Experts often caution against exposing children to too much television. But they could be forgiven for making an exception in one case.
Tiga Talk!, the only preschool television series in Canada focused on aboriginal-language, is coming to town. For those who are too young to go to school yet, a popular educational series with an aboriginal focus is returning for another season. The fourth season of the series, which includes 11 half-hour episodes, will be shown nationally on the Aboriginal Peoples Television Network (APTN).
A version with Cree subtitles, to be shown on Friday mornings, began on September 7. And the English version, airing on Saturday mornings, first broadcast on September 8. The series targets children aged 3–5.
The show is about a stuffed toy, Tiga, a wolf cub. Tiga lives with two young children, Jason and Jodie, as well as their father and Kokum (grandmother).
When the adults leave the room, Tiga comes to life as a talking puppet. Tiga’s friends, Gertie the Gopher and Gavin the Goose, also join the conversations. Besides talking puppets, each episode features some music and the opportunity to learn some new aboriginal words.
“It’s a great show,” said Irene Green, who besides playing Kokum in the episodes is also a Tiga Talk! producer, writer and series co-creator. “Even the speech and language pathologists who have seen it say it’s a great show. That speaks volumes.”
Green, who is Cree and a member of the Duncan’s First Nation in Alberta, said Tiga Talk! officials have a rather simple goal.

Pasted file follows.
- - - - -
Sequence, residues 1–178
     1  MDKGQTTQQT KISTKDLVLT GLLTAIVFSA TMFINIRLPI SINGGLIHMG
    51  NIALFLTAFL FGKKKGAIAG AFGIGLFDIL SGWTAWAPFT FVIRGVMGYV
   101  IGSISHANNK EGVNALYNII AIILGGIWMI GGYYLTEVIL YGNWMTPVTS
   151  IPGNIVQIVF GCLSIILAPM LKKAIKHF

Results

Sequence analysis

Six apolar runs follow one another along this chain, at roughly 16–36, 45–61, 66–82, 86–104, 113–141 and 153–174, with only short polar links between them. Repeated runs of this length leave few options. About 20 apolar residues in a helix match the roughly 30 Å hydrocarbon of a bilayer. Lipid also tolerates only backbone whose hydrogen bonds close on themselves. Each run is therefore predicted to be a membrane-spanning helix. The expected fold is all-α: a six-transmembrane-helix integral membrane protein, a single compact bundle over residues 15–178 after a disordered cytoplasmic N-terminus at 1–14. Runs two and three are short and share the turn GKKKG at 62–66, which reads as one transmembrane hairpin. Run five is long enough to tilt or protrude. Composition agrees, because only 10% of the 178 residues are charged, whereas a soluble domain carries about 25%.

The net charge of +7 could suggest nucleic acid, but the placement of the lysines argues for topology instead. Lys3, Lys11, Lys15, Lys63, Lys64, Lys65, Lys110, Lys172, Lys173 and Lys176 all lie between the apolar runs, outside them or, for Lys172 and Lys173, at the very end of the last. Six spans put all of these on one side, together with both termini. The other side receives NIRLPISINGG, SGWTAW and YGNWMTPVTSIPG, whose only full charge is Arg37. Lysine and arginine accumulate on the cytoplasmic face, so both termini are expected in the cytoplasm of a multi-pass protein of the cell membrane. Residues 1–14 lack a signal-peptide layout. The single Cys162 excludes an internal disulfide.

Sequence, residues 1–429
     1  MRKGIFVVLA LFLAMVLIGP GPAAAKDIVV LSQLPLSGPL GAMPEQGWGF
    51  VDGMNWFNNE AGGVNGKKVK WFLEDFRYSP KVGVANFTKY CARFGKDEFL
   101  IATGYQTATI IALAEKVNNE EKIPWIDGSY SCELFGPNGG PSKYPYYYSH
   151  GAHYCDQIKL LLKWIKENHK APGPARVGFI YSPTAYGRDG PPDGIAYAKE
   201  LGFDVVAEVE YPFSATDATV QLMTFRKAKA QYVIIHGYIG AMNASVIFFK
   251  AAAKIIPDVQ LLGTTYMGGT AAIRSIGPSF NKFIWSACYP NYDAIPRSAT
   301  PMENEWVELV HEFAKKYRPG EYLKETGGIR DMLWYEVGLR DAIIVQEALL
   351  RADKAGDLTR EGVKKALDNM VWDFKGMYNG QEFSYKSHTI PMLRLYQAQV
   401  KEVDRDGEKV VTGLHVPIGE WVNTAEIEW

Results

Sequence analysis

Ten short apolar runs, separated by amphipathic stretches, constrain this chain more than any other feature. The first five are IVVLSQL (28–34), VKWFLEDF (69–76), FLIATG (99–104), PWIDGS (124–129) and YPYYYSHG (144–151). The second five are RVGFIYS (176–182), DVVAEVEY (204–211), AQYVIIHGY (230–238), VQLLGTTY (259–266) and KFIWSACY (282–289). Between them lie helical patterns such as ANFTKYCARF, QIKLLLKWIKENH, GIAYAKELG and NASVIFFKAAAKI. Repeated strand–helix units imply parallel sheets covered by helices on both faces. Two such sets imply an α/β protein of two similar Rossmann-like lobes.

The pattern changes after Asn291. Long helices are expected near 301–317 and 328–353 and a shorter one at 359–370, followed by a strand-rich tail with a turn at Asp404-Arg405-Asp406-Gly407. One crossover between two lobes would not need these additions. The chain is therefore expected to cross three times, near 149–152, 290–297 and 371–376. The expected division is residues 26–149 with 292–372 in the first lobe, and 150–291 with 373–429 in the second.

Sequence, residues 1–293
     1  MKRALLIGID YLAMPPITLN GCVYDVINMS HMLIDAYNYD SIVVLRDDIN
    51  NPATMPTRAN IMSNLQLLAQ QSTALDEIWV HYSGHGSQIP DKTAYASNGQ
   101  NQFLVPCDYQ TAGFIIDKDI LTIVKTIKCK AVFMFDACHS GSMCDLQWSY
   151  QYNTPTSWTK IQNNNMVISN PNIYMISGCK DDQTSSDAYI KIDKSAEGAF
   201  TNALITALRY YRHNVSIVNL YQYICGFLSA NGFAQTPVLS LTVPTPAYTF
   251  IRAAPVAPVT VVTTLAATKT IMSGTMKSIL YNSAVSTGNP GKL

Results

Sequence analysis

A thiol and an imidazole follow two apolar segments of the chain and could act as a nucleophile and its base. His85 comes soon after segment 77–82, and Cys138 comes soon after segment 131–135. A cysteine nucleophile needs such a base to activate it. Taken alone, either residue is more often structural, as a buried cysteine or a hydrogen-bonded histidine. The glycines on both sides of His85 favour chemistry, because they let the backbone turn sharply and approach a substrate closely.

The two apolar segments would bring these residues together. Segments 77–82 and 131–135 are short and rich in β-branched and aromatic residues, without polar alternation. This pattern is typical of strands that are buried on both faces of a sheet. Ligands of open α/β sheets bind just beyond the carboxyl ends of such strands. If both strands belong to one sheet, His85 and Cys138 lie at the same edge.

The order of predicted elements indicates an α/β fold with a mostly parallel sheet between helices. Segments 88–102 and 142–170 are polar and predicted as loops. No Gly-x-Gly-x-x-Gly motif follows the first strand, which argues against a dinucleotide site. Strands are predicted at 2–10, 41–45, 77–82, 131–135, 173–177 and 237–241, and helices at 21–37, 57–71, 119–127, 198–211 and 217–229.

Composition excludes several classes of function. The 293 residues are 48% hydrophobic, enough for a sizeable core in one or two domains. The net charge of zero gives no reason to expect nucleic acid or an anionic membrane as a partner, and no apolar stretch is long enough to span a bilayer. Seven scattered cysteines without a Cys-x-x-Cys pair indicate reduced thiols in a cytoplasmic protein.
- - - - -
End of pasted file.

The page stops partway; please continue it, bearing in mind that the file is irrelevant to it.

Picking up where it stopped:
“Our hope is to instill a degree of desire and fun to learn a native language,” she said, adding that it’s also good for those looking to rediscover their Native identity, an opportunity the 63-year-old did not have when she was younger.
“As a child I wasn’t allowed to learn Cree,” she said. “It wasn’t okay to be aboriginal. But I think it’s important to know where your roots are and where my roots are.”
Tiga Talk! doesn’t just teach Cree words. Previous episodes have featured words from numerous other aboriginal languages. “I think it’s really important for children, and it gives them a certain amount of self-esteem knowing that learning aboriginal [languages] is 100 percent okay,” Green said.
All of the episodes in the fourth season were filmed in Victoria. Tiga Talk! has proved to be an award-winning series, winning two major awards thus far. One of the season three episodes, “Keep Smiling,” won a Leo Award, British Columbia’s most prestigious accolade, for best screenwriting. And during its first season the series won a Canadian Aboriginal Music Award in the Best Original Score category.
Tiga Talk! Is about to become even more interactive. Viewers will be able to go online to the show website www.tigatalk.com and vote to name Jason and Jodie’s new pet, which will be introduced. A new Tiga Talk! Adventure Story App will also be rolled out. Last year the Tiga Talk! Speech Therapy Games iPhone App was a huge success and won a Best Interactive Signature Award.